Maintaining the correct compound and water flow rate into a mass finishing machine is essential for the stability and success of a process.
If inadequate compound and water are supplied to the machine, results will be more extreme and lead to unpredictable processing times, ineffective finishing, dirty work pieces after finishing, glazed media, and, potentially, a total collapse of the process.
Excessive compound and water flow can be equally problematic. Too much water and compound will slow down the movement of media and work pieces in the machine or cause a complete stop.
For example, in rotary vibrators the typical spiral movement of the media/work piece mix will give way to an uncontrolled shaking. In centrifugal disc machines, the rotating spinner will slip under the media/work piece mix with no movement at all.
Longer processing times, poor finishing results, and even a complete collapse of the process can occur.
For the best results and stability, Rosler understands that the flow rate of compound and water into the machine must be equal to the flow rate out of the machine.
What Goes In, Must Come Out
Compound and water fulfill distinct and important functions. The compound removes stains, dirt, and oil from the work pieces; burnishes and brightens them; and keeps the media clean. The water dissolves and distributes the compound in the machine, serves as a coolant for the finishing process and, above all, flushes out media and metal fines, and other contaminants from the machine.
Hence the importance of matching the amount of compound and water entering the machine to what is flushed out.
For example, if the drains are plugged with undersized media and debris, the compound/water mixture can become contaminated with media and metal fines and fail to remove oil and contaminants from the machine, jeopardizing results and machine functions.
Achieving and maintaining a well-balanced process requires proactive evaluation and machine oversight. Key action points include:
- Regularly monitoring the compound and water flow and make sure that it is as specified.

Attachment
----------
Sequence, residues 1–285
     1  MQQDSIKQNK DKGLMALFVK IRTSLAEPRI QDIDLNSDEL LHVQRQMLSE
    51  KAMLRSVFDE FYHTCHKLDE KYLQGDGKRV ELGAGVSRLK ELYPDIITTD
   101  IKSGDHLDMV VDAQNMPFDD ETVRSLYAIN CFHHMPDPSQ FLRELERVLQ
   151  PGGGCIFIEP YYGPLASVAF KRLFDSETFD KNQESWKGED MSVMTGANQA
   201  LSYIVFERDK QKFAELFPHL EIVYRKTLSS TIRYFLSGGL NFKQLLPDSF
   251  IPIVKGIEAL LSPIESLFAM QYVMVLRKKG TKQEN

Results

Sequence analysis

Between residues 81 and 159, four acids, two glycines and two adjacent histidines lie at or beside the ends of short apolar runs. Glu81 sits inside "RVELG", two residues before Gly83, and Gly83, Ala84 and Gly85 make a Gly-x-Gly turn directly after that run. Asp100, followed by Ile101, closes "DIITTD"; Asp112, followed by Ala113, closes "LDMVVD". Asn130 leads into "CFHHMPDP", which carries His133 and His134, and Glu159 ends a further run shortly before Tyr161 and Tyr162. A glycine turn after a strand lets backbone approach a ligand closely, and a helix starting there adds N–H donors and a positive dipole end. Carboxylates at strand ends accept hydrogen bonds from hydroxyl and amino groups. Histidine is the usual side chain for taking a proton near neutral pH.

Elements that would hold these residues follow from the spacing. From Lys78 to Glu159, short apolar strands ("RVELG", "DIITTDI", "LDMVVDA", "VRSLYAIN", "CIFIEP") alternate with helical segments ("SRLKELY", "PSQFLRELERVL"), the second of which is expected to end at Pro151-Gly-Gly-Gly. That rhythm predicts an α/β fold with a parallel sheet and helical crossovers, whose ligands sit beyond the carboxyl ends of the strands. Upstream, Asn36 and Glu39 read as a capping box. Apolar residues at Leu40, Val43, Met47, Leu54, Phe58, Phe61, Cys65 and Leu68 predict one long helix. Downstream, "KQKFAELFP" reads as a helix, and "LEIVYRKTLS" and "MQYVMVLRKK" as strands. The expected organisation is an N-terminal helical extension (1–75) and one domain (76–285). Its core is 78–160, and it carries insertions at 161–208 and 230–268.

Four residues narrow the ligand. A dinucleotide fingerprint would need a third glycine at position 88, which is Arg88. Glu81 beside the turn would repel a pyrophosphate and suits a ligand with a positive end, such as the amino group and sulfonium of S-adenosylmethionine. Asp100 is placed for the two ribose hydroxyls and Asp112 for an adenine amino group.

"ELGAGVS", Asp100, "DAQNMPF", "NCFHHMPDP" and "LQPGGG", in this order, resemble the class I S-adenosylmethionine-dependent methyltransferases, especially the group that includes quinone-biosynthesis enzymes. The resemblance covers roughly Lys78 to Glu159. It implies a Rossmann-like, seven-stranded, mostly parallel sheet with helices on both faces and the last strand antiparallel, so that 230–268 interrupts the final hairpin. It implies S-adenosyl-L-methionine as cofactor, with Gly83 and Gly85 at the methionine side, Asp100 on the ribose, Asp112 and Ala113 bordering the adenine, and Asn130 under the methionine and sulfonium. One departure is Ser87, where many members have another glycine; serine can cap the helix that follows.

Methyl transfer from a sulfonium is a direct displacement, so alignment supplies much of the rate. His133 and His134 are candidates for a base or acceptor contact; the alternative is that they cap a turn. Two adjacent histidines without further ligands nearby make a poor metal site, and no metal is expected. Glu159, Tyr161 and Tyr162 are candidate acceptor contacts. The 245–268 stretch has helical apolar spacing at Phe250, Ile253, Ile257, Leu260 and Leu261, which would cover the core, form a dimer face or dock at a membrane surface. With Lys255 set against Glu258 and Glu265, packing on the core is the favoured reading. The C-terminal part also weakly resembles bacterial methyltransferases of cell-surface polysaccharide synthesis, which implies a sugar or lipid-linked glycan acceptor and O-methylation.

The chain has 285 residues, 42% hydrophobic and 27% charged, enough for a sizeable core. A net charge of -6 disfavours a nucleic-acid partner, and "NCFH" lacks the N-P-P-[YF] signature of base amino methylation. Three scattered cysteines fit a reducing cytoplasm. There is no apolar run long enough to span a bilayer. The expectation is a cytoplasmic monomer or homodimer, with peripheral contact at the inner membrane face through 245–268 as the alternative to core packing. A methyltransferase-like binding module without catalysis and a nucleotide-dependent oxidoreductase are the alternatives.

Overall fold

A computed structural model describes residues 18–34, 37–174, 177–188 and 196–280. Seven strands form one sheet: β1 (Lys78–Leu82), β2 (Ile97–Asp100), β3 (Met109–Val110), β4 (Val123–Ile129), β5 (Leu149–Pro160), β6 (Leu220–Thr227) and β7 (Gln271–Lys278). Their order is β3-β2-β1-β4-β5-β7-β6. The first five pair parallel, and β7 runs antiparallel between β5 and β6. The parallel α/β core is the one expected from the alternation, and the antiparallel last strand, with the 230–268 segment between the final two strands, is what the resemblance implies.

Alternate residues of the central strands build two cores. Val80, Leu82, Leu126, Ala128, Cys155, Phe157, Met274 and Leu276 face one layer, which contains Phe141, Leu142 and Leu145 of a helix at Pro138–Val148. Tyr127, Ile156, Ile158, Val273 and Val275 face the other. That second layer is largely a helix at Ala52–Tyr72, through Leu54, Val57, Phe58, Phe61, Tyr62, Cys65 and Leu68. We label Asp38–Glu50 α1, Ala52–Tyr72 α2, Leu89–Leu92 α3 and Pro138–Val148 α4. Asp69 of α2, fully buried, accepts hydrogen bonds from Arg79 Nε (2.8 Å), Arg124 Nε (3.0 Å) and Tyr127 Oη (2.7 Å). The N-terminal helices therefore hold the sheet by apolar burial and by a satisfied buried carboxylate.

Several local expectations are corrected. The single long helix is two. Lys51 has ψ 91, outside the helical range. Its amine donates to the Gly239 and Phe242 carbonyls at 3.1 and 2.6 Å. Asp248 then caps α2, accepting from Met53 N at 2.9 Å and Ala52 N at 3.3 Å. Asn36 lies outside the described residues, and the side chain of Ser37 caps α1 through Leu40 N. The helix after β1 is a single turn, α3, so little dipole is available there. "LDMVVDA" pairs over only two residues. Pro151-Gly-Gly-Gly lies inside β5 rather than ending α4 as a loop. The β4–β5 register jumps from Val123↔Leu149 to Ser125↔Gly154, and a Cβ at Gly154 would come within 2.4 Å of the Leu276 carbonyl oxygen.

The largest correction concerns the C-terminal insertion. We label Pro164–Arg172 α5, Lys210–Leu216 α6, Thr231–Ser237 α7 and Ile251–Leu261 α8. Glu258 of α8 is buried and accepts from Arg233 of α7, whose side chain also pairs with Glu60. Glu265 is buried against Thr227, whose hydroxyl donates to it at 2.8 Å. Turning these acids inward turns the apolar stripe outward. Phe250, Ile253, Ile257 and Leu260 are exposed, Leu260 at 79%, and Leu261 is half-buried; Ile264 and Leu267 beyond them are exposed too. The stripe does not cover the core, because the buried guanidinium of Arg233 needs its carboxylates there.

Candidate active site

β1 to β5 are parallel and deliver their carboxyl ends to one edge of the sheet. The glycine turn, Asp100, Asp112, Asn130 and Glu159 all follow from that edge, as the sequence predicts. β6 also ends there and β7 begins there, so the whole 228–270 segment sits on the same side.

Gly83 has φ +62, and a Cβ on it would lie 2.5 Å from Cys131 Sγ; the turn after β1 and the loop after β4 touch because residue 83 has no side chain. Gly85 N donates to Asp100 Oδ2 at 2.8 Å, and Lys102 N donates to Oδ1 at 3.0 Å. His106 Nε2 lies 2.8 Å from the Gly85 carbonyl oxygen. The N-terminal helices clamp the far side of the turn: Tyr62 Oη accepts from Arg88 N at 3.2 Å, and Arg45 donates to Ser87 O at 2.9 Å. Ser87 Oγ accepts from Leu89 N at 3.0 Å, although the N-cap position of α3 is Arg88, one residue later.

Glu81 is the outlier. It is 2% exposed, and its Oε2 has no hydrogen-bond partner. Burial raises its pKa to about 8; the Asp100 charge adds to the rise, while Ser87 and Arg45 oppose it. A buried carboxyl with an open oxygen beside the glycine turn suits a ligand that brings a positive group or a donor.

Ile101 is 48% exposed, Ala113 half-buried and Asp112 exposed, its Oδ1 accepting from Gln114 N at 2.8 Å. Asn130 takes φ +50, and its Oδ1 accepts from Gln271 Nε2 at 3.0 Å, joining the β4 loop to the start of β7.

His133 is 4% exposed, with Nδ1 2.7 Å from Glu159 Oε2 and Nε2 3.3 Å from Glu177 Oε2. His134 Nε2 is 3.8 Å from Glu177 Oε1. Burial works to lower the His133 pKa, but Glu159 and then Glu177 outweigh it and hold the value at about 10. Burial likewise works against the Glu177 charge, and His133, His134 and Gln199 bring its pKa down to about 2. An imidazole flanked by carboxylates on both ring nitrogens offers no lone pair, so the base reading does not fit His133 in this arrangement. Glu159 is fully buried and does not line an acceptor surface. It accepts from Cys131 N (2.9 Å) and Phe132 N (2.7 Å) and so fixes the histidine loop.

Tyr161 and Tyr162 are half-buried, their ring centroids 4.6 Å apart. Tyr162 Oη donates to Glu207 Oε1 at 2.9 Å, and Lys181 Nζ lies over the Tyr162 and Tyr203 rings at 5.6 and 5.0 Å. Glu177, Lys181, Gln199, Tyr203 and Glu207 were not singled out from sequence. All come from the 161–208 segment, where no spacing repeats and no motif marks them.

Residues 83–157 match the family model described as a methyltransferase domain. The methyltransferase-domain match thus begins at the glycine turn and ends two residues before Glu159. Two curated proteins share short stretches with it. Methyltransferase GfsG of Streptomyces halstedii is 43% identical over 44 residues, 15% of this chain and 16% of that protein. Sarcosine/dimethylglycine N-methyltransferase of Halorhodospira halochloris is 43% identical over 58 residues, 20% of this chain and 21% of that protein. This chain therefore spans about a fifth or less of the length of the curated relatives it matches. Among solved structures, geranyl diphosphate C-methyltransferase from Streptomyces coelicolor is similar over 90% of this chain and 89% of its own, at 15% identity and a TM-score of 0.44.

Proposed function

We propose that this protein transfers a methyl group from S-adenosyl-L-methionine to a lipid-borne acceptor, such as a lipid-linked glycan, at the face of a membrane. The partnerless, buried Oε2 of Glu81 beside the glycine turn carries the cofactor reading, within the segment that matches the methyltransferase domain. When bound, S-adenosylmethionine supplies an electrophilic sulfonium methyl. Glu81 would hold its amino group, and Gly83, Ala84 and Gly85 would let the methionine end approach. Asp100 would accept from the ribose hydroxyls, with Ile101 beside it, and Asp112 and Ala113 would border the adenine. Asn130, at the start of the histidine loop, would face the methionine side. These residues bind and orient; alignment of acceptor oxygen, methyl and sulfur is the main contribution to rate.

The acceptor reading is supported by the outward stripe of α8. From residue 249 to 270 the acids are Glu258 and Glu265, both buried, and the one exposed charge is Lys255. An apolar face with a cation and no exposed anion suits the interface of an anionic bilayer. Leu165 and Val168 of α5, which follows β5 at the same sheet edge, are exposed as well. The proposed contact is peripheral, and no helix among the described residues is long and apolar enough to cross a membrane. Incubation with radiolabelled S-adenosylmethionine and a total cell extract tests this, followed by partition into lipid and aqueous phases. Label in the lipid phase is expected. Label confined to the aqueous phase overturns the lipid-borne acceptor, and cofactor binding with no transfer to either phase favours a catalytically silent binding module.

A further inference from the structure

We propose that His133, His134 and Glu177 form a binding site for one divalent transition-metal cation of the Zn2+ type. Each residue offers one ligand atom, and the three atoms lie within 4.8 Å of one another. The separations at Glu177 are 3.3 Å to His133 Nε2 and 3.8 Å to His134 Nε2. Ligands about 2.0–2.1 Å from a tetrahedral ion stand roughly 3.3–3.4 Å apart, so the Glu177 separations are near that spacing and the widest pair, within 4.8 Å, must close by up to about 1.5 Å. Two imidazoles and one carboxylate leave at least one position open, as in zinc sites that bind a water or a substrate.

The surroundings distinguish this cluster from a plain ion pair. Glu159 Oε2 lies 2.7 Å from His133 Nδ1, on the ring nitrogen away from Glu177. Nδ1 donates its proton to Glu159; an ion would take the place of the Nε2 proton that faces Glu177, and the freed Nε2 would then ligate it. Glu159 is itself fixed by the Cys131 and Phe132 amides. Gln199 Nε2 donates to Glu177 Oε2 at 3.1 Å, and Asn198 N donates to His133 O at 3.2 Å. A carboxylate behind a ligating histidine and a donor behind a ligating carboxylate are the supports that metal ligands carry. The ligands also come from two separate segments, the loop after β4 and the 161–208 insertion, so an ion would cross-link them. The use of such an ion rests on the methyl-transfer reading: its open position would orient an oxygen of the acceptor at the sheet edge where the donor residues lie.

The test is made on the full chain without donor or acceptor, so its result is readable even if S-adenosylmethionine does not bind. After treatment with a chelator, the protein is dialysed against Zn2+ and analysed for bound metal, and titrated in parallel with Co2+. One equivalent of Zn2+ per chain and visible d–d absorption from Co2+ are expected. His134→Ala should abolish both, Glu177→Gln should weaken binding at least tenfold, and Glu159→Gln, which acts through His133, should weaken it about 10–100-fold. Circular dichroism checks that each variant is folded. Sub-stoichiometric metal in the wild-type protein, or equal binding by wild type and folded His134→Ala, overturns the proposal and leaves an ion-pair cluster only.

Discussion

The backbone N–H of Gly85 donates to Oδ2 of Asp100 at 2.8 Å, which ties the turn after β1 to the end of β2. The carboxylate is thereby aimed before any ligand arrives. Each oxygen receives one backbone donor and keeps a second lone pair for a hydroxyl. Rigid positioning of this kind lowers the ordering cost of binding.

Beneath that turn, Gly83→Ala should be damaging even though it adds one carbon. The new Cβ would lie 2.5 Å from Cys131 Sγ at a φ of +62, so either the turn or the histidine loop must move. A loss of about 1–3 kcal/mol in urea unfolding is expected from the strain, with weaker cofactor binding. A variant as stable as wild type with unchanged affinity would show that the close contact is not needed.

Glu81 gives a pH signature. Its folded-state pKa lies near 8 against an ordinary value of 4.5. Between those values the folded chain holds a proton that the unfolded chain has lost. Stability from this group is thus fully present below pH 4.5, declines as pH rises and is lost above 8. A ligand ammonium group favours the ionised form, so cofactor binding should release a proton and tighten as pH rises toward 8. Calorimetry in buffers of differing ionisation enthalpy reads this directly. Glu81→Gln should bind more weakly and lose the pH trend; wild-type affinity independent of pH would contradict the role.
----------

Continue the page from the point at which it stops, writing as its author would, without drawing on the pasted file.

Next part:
- Ensuring that machine drains are not plugged and flowing easily.
- Installing bigger undersized media screens if drains are easily backed up.
In some circumstances, it may be advantageous to run a process with high water levels or “flooding” the processing bowl with additional water.
Keeping in mind that too much water and compound in the machine can slow or completely stop movement of media and work pieces in the machine, extra process water can be used to provide an extra cushioning effect and reduce machine intensity to create a gentler process.
This prevents delicate work pieces from getting scratched or bent and even allows for certain polishing operations. Flooding the processing bowl can also protect the machine itself.
For example, very pointed work pieces with sharp edges can undergo an initial deburring process in high water mode to help protect the bowl’s wear lining. Once the sharp points and edges are slightly rounded and pose a lower risk of destroying the wear lining, the processing mode can be switched to a normal water level for additional finishing.
High water level mode is primarily utilized in high-energy systems like centrifugal disk finishing machines. Consult with your supplier to determine if running with high water is possible and feasible for your specific application.
The Rosler Way
“Finding a better way…” is more than a motto at Rosler; it’s our mission. With more than 80 years of experience and a portfolio containing more than 15,000 equipment and consumable products, solving challenges is what we do. Contact us today to discuss your process water challenges!
The Mass Finishing Water Balance Series will continue with, “Part 2 – Maintain Adequate Drainage to Protect Your System.”
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